The Bacon video got into rotation on CMT, and proved a minor sensation, although nothing like their latest, “Jalapeños.” A snarky song about political correctness and scandal, it observes that life’s less a bowl of cherries than a jar of jalapeños because “what you do and say today … it’ll just come back and burn your ass tomorrow.”

The song, which laments the loss of freedom of speech, was ironically banned on radio and CMT. Not because it uses the word “ass,” but because they note the warning on Viagra, and wonder why since “there ain’t no such thing as being too erect.”

The ban didn’t hurt much. The video — which features people in Tiger Woods and Sarah Palin masks — received nearly 1.5 million hits on YouTube.

“It actually helped. It’s probably the most requested song we have in our show these days,” Bellamy said, expressing their reason for putting humor into many of their songs. “It’s kind of like the role of humor in life I guess. Without it, it’d be a pretty boring place.”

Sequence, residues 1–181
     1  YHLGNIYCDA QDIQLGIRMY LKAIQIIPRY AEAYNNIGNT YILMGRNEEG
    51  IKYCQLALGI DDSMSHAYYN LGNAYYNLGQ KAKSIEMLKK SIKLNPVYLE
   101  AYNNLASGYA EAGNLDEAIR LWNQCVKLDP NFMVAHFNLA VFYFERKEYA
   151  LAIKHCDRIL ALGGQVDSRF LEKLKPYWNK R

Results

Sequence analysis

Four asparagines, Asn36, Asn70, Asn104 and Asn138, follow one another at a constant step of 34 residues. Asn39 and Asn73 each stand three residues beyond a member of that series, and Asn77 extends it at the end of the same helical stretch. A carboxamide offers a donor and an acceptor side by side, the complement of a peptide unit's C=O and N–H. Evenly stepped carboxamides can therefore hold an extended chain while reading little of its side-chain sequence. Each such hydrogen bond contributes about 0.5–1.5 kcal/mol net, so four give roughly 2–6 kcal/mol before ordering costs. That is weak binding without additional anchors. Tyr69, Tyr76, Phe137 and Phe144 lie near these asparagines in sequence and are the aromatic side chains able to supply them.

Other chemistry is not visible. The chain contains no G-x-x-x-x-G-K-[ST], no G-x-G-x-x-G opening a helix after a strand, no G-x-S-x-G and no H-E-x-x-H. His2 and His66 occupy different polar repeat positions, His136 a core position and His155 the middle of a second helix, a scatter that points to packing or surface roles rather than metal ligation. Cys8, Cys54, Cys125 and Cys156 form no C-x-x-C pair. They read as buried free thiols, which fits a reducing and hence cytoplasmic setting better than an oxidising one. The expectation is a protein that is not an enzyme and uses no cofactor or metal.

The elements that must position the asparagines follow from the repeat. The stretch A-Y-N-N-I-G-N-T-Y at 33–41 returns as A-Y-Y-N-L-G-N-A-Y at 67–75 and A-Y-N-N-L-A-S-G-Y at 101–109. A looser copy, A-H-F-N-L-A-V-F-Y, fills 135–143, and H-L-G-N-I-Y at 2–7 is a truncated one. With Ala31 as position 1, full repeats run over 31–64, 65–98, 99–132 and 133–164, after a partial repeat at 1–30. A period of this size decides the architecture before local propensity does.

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06.28.2011 at 08:48 Reply

These guys are not hippies. Never were! I'm proud to call myself a hippie! These are anti-hippies. They poke fun at hippies. "Old Hippie" is a put down of hippies. I am offended by your ignorant association of these guy with the hippie movement. When were you born anyway? Did the Bellamy Brothers ever write a Vietnam War Protest song? "Let your Love Flow" doesn't qualify. You need to do your research into what the Hippies were about. These guys weren't part of it. They just hopped onto the musical bandwagon of peace and love to make a buck!